Mobile Handcuffed Videos
On men's island prison, she is the only woman.
He looked at the silhouette of his hands in front of the big windows that faced the courtyard. A blind man looking into a dark sea.
It was as though his heart had just jumped out the window, but he was still standing here, stuck here, sensibly and even comfortably here, his stomach warm from the last mouthful of brandy. The heat of it was just beginning to move up into his face.
Outside, the sound of the traffic was light, and for once, not threatening. His dream of a studio in an old barn on the edge of a meadow where black-eyed susans bobbed was not so real now. The fans were noisy with hot air from the ineffectual air conditioning.
He was broke, having paid every penny he owned to show his collection. Fat lot of good. Now, he had no prospects, not a chance. DeVry had effectively scotched his reputation. Now he would have to do something entirely different and get a good review by someone else entirely.
He felt his hands in the dark, the old chisel scar inside his left thumb, the broad, coarse spatulas at the tip of each finger. He thought of pushing paint, soft and creamy paint with his fingertips. He thought of Donna.
He had hurt her the last time. He had probably hurt her before, but she had never complained, maybe a small squeak from deep in her throat, but she never accused him of being brutal, never before this.
This had started with his work. She didn't like the last few pieces. She didn't even have to say she didn't like them. He could tell. From the way she walked around them with her elbows in, looking at them but not touching them.
"Why," she finally said, her mouth barely open, "Why do you have the, sort of, head thing down here, and this,..." and she pointed to a raised hollow, all orange and crimson. "...up here, all sort of exposed? What are you trying to tell me...us...people?"
She walked around that largest figure warily, peering at it as though in a bad light, as though trying to find something. Once she stopped, looked up with a little, "Oh no!" and then went on through the loft, her eyes widening a bit with each piece.
Finally, she stood at the other end of the room, her face caving in, darkening. He didn't understand until she started asking questions again.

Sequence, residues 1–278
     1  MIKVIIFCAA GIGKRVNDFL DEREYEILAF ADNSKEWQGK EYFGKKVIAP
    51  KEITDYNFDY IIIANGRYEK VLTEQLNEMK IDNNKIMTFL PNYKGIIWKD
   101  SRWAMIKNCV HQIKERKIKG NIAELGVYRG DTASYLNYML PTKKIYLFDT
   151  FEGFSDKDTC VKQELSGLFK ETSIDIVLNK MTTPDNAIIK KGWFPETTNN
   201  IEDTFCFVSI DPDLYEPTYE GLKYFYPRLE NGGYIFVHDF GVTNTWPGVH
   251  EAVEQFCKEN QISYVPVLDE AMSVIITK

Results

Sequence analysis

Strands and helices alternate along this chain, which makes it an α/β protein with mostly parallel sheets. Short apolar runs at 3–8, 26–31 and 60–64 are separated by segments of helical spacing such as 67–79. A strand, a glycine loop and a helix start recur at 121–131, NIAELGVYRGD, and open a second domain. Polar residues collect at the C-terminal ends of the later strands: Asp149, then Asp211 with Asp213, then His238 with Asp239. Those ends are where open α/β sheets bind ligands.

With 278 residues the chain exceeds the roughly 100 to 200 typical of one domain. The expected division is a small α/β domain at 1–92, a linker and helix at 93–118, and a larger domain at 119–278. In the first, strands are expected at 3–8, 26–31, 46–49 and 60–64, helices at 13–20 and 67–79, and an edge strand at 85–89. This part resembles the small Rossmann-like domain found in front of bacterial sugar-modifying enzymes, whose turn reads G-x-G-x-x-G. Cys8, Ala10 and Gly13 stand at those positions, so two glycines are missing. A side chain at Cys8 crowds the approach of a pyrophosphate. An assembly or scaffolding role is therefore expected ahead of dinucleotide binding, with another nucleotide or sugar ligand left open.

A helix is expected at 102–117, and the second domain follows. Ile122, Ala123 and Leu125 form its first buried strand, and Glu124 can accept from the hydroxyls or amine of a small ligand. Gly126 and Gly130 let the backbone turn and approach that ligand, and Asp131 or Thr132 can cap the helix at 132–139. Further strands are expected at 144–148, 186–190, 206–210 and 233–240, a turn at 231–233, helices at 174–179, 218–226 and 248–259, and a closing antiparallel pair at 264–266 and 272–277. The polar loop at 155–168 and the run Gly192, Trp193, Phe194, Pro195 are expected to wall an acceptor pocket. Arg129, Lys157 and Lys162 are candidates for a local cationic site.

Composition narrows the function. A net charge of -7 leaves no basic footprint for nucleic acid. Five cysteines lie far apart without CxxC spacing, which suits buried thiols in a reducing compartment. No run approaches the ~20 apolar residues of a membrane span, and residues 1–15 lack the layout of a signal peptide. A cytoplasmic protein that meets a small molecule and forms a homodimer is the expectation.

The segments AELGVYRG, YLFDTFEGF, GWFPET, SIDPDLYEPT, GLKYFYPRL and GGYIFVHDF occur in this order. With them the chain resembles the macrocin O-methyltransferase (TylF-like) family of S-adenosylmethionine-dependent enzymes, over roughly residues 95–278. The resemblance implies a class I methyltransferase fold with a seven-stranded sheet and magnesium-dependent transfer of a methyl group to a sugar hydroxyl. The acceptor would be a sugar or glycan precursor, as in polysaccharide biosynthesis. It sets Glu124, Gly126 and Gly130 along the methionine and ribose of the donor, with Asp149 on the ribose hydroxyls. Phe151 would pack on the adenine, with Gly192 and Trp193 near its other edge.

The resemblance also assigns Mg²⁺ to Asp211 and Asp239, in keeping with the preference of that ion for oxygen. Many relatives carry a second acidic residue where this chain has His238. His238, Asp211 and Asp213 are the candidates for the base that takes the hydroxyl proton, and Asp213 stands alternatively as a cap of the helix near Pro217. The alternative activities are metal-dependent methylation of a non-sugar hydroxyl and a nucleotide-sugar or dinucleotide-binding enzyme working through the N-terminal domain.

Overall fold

"They're a sequence, right?" Her voice echoed. The loft was now empty of party guests but full of the styrofoam spoor and the smells of evaporating liquor that follow the swarming of an opening.
He had to think about her question. He had done them one after the other. How else? But as he looked he began to see. There was something. Why had he never noticed the pattern?
"That...that is the first one, right? That upright one."
He looked at it. It was the first one he had finished, not the first he had done. And when he had finished it he immediately felt it was incomplete. It was playful, appendages a bit like arms thrust into the air, floral patterns like a free-floating paisley covering the curves. It was very light.
He nodded. "Call it the first."
"That was right after we met, right?" she said. He nodded again.
"Then this," she said, her fingers wavering as she pointed, the other hand touching her mouth.
It was like the first figure, only the appendages had been folded in. There was a small, astonished hollow in the head part. It was smeared with crimson. The paisley was darker, more disorderly. The figure seemed to tip, off balance, as though pushed.
"I think I remember seeing it the next day after we had that that awful, stupid fight on the ferry. It wasn't painted then."
"Yes, I did that one next," he agreed. But he saw where she was going.
"Then this," she said, biting her lip. "I remember this. This happened. After that time at the lake when we were wrestling. The dock was wet and I slipped." She rubbed her hip.
The figure was toppling, permanently, one lower appendage clumsily out in space; one huge haunch flattened. The head-like globe gaped. The pattern was blue like reflected water. There were small red scratches.
"That's enough," he said under his breath.